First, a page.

Obama continues to believe the solution lies in diplomacy and not military involvement. He will rally G-7 members to extend sanctions that are due to expire in the next two months.
The Kremlin insists it has no direct role in the fighting in eastern Ukraine and has repeatedly denied supporting rebels with arms and fighters.
Pressuring and isolating Russia diplomatically is becoming a more complicated matter as the U.S. administration recognizes Moscow’s part in international efforts to reach a nuclear deal with Iran and rid Syria of chemical weapons — a role U.S. officials describe as positive and important.
Last month, U.S. Secretary of State John Kerry traveled to the Russian resort of Sochi and met with Putin.
At the G-7 gathering in Germany, Obama will try to send a strong and unified message that the United States maintains its leadership role.
"There is growing sensitivity at the White House about criticism of the lack of American leadership or the lack of policy effectiveness on these two geostrategic issues, but at this point, this summit is an opportunity for foreign leaders to have their candid conversations privately and out forward a unity message of their approach on an incredible range of issues," said Heather Conley, a Europe analyst at the Center for Strategic and International Studies in Washington.
On the Islamic State’s advances in Iraq, the U.S. leader will huddle with G-7 partners to discuss the next steps in the bid to degrade and ultimately destroy the group.
U.S. officials have expressed concerns that Iraqi forces may be losing the will to fight as evidenced by their retreat during the recent fall of Ramadi.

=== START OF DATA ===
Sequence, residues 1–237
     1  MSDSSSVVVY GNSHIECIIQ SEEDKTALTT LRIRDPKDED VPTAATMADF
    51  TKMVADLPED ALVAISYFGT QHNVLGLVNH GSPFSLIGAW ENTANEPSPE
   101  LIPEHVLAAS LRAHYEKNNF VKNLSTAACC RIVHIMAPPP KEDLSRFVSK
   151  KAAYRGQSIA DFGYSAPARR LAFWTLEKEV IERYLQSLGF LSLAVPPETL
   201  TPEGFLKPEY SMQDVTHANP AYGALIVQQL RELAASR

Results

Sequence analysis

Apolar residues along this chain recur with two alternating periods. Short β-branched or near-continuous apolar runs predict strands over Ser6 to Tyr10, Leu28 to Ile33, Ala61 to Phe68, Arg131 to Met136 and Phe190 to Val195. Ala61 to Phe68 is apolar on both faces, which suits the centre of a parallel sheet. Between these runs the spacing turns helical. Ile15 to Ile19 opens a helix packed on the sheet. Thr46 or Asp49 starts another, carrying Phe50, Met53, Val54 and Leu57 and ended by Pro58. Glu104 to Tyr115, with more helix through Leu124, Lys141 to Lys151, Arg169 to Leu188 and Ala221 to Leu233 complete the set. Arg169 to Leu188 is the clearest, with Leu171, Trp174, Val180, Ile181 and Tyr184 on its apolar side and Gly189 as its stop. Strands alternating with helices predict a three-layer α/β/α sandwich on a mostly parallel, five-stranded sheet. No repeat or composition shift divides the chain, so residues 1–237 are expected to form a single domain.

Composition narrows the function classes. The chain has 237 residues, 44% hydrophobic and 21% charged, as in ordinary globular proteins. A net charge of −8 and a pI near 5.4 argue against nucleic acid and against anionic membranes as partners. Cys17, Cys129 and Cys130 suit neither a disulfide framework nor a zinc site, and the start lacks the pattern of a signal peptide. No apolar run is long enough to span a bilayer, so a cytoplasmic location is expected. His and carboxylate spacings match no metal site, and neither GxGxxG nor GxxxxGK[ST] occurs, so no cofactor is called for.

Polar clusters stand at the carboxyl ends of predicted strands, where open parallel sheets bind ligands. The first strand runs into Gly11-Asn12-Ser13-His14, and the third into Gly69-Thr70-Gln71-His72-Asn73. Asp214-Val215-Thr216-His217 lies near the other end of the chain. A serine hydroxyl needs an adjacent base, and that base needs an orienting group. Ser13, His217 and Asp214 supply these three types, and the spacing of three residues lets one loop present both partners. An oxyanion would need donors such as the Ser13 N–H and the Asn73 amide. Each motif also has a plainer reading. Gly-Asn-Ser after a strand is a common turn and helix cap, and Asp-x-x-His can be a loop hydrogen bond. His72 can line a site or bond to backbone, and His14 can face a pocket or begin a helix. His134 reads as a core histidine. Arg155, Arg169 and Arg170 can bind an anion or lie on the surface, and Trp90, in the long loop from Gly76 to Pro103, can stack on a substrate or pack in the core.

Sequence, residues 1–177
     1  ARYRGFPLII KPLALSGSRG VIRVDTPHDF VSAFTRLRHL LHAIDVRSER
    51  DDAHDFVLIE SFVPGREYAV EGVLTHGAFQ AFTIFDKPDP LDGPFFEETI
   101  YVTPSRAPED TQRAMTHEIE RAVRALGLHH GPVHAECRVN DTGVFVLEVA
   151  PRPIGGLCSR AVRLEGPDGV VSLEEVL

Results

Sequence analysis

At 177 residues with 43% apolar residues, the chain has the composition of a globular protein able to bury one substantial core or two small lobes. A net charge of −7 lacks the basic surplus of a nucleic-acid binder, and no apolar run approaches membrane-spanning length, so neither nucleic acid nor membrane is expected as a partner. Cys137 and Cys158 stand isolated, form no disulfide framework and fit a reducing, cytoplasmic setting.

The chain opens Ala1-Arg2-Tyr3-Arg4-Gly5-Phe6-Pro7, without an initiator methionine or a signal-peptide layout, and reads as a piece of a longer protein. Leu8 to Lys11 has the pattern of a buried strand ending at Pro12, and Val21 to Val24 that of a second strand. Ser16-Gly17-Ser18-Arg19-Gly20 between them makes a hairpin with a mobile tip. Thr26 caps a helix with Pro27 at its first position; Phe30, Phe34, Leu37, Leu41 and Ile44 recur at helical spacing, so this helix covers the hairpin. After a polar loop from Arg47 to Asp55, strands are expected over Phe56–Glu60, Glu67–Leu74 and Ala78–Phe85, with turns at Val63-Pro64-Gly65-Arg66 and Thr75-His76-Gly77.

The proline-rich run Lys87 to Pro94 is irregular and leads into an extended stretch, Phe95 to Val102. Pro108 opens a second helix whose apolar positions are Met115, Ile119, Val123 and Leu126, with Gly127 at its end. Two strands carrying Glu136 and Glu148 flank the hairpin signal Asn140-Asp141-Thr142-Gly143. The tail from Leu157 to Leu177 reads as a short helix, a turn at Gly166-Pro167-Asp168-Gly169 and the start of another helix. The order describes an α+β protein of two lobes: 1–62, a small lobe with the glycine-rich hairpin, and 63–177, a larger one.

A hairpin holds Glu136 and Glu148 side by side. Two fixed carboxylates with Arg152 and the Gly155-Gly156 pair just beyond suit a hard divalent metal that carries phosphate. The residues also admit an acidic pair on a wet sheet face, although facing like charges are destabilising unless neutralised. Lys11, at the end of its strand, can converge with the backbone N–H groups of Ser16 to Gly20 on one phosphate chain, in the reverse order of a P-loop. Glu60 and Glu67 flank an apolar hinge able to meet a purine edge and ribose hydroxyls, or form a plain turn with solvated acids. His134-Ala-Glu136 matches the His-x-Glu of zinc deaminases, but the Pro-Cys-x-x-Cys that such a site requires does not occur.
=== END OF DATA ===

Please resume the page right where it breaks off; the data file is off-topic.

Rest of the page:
Obama is due to meet with Iraqi Prime Minister Haider al-Abadi on Monday to learn more about the situation on the ground.
Conley said it would be an important first face-to-face meeting.
“Prime Minister Abadi said some very strong statements where he wanted much more U.S. and coalition activity — again very sensitive to the criticism that was leveled by Defense Secretary Ash Carter that, you know, the Iraqi forces lacked the will," she said.
Another big topic will be Iran. This will be the G-7 partners’ last meeting before a deadline this month for a nuclear agreement.
Greece's financial crisis is expected to be on the agenda as well. Germany's Merkel spoke by phone Saturday with Greek Prime Minister Alexis Tsipras and French President Francois Hollande about Athens' debt crisis. No details were reported on the conversation, which came as officials work toward a deal, needed by month's end, to ensure that European bailout payments to Athens continue.
G-7 officials will also discuss Africa. Newly installed Nigerian President Muhammadu Buhari will join leaders for discussions on the fight against the Boko Haram group. Also on hand will be Liberia’s President Ellen Sirleaf Johnson for discussions on Ebola.
Meanwhile, an estimated 4,000 to 5,000 demonstrators packed the German Alpine resort of Garmisch-Partenkirchen on Saturday, protesting over a wide range of causes before the arrival of the G-7 leaders.
There were scuffles between police and protesters, who included black-clad anarchists, and anti-capitalist and war protesters. Some protesters threw bottles at police, who responded with pepper spray.
About 20,000 German security personnel have been deployed at the summit site.